Being a Black Christian today

This piece originally appeared on the Website for Wayhouse Media on June 4, 2020 under the title “Being a Black Christian in 2020.” Matt Allbritton, the owner of Wayhouse, has joined the contributing authors at Faith on View. Essays previously published by Wayhouse Media are being republished on Faith on View. 

I am Black. I am a Woman. I am follower of Christ. I am a Black Born-Again (Evangelical) Christian.

And I am exhausted.

I grew up in Black churches. I am the granddaughter of a Bishop, the daughter of a Pastor, and the niece of a Bishop and a Pastor. I have attended the church that my grandfather started since I was seven years old. It was not until I was about 12 years old that I met one of my closest friends to this day and I discovered there were White Christians who believed as I did. Throughout middle school and high school, I met more White Christian friends and was incredibly grateful for their friendship and support as we navigated the world of being Christians with a set of Christian morals that were not the “popular” thing to do during high school. However, whether I or we were sheltered from the issues that may have distinguished our beliefs, it was not that evident to me at that time.

Throughout my life, I have been forced to move to a myriad of locations where I always seemed to be either the only minority or one of few minorities in largely White congregations. This was something that I was accustomed to given my upbringing of being raised in predominantly White spaces. Despite the stark differences in the length of service, openness to speak in tongues, and other aspects, by in large, I felt the same presence of God at those various churches as I felt at my home church. I was always encouraged by the visual of seeing hands of all colors lifted during service to worship the same God. To me, that is what Christ wanted and I was glad to be a part of it. It is something that I became used to, but as I got older and certain issues would come into the forefront of national attention – such as a presidential election or the death of a Black person at the hands of the police or a White person without cause – I would notice either silence or a divide. As more often the deaths of innocent Black lives plagued our news cycles, I would be waiting for a voice of concern, a post of solidarity, anything to let me know that my White Christian friends specifically, heard and empathized with my pain. I had the expectation that as a sister in Christ, they would stand beside me and against injustice because that is what Christians are called to do. Instead, I would largely be met with deafening silence.

Over the past 5+ years, it has been something that has broken my heart on many occasions. I have questioned not only why it was so difficult for White Christians to stand up for Black Christians (or just Black lives in general). Every election cycle, I would see White Evangelicals champion pro-life more than any other cause, but I would ask what about the lives of those still living? Do their lives not matter once they are born? I would sit back and barely be able to comprehend it because I knew that we worship the same God, we read the same Bible, we shared the same Gospel, and we loved the same Christ, but how could we be so distant in our concerns about something that we should be on the same side about. I simply found it difficult to reconcile the stark difference between us. Were they simply ignorant or did they just lack concern for the pain and heartbreak of my Black community?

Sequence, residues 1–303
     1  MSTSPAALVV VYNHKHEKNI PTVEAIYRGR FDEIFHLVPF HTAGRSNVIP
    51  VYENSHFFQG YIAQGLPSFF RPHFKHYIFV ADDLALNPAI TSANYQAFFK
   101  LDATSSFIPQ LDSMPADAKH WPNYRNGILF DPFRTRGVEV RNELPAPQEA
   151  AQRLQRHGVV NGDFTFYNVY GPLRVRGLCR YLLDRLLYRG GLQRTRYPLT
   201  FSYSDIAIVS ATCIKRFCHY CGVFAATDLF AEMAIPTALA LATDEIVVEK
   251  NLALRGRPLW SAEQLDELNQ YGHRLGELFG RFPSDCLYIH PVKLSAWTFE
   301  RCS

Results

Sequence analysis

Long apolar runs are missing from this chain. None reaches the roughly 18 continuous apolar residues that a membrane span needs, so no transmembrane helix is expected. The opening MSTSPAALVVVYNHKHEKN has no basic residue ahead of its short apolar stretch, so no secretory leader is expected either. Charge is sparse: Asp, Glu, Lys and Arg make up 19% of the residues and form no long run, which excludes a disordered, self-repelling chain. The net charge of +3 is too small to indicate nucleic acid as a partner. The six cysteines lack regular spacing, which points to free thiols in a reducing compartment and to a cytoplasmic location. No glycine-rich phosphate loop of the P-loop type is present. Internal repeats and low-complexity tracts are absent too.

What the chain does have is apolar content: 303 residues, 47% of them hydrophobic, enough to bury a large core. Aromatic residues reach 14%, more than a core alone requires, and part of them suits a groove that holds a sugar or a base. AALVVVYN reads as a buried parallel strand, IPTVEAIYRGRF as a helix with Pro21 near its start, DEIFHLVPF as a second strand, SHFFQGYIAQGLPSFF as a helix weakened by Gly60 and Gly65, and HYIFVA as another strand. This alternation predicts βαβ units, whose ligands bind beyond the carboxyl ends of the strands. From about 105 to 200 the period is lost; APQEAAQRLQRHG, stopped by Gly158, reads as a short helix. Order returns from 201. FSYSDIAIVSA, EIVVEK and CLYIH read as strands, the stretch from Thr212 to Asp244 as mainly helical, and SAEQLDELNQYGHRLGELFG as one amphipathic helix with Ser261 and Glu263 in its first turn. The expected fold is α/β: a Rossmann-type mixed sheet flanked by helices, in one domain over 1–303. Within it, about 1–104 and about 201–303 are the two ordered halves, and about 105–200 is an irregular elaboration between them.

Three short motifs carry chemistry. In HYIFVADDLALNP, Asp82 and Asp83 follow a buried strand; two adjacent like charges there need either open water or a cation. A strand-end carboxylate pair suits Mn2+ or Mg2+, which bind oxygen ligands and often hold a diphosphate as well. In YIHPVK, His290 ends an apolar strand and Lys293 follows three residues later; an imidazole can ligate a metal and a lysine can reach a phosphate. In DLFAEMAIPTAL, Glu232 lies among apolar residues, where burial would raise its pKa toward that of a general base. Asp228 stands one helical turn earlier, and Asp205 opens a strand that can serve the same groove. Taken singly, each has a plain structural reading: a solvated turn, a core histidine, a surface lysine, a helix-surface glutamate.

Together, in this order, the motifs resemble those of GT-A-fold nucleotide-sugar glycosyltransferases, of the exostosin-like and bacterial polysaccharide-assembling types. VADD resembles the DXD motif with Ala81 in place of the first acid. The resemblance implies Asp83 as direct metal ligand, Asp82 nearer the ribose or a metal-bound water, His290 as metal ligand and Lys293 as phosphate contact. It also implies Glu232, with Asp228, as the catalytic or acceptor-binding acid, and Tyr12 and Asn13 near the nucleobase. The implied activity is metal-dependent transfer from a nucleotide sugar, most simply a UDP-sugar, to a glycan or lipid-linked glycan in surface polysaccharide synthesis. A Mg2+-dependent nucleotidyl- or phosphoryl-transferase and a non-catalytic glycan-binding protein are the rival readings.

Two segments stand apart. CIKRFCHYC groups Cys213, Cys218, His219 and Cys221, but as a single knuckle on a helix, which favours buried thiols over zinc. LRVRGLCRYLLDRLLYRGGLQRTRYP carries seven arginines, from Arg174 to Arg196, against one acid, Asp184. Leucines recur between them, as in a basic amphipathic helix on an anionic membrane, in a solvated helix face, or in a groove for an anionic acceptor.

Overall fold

1 Corinthians 12:26 says, “If one member suffers, all suffer together; if one member is honored, all rejoice together.”

My main hope is that my words would implore my White brothers and sisters in Christ to acknowledge that your Black brothers and sisters are SUFFERING, and we need YOU, I need you. I ask that you stop turning a blind eye to our suffering and attempt to suffer with us. I understand that you cannot feel our pain, and I do not expect you to, but what I do expect is that you try to understand our pain. I expect that you use your voice to acknowledge our pain.

Prior to the above verse, Paul speaks of the body of Christ being made up of many members, but each member of the body must function properly. He finalizes his thoughts by saying in verses 24 and 25 “But God has so composed the body, giving greater honor to the part that lacked it, that there may be no division in the body, but that the members may have the same care for one another.”

This is all your Black brothers and sisters in Christ desire from you. We are physically, emotionally, and spiritually broken down by systematic, institutionalized, and blatant racism that has plagued our country for the last 400 years. I ask that you no longer stand divided from us, but become united with us. We understand that it may be difficult, it may be uncomfortable, and you may have some fear, but that is exactly how Christ led his life here on earth. He was chastised, spat at, and demeaned because he chose to spend time with the hungry, the stranger, the prisoner, and so forth. He gave us an example that although it may be difficult, we still must do what is right.

Isaiah 1:17 calls us to “Learn to do good; seek justice, correct oppression; bring justice to the fatherless, plead the widow’s cause.”

The Body of Christ was always meant to lead the cause of social justice and correcting oppression. It is now time that the entire Body of Christ become united to ensure that Black lives are no longer oppressed. By ensuring that Black Lives Matter and becoming united with your brothers and sisters in Christ, it allows us as fellow believers to continue to carry out our mission here on earth as we demonstrate the Love of Christ and guide the world to Salvation in Him. Do not let your deafness to the cries of your Black brothers and sisters dampen your witness of Christ to the World.

About Post Author

Related Essay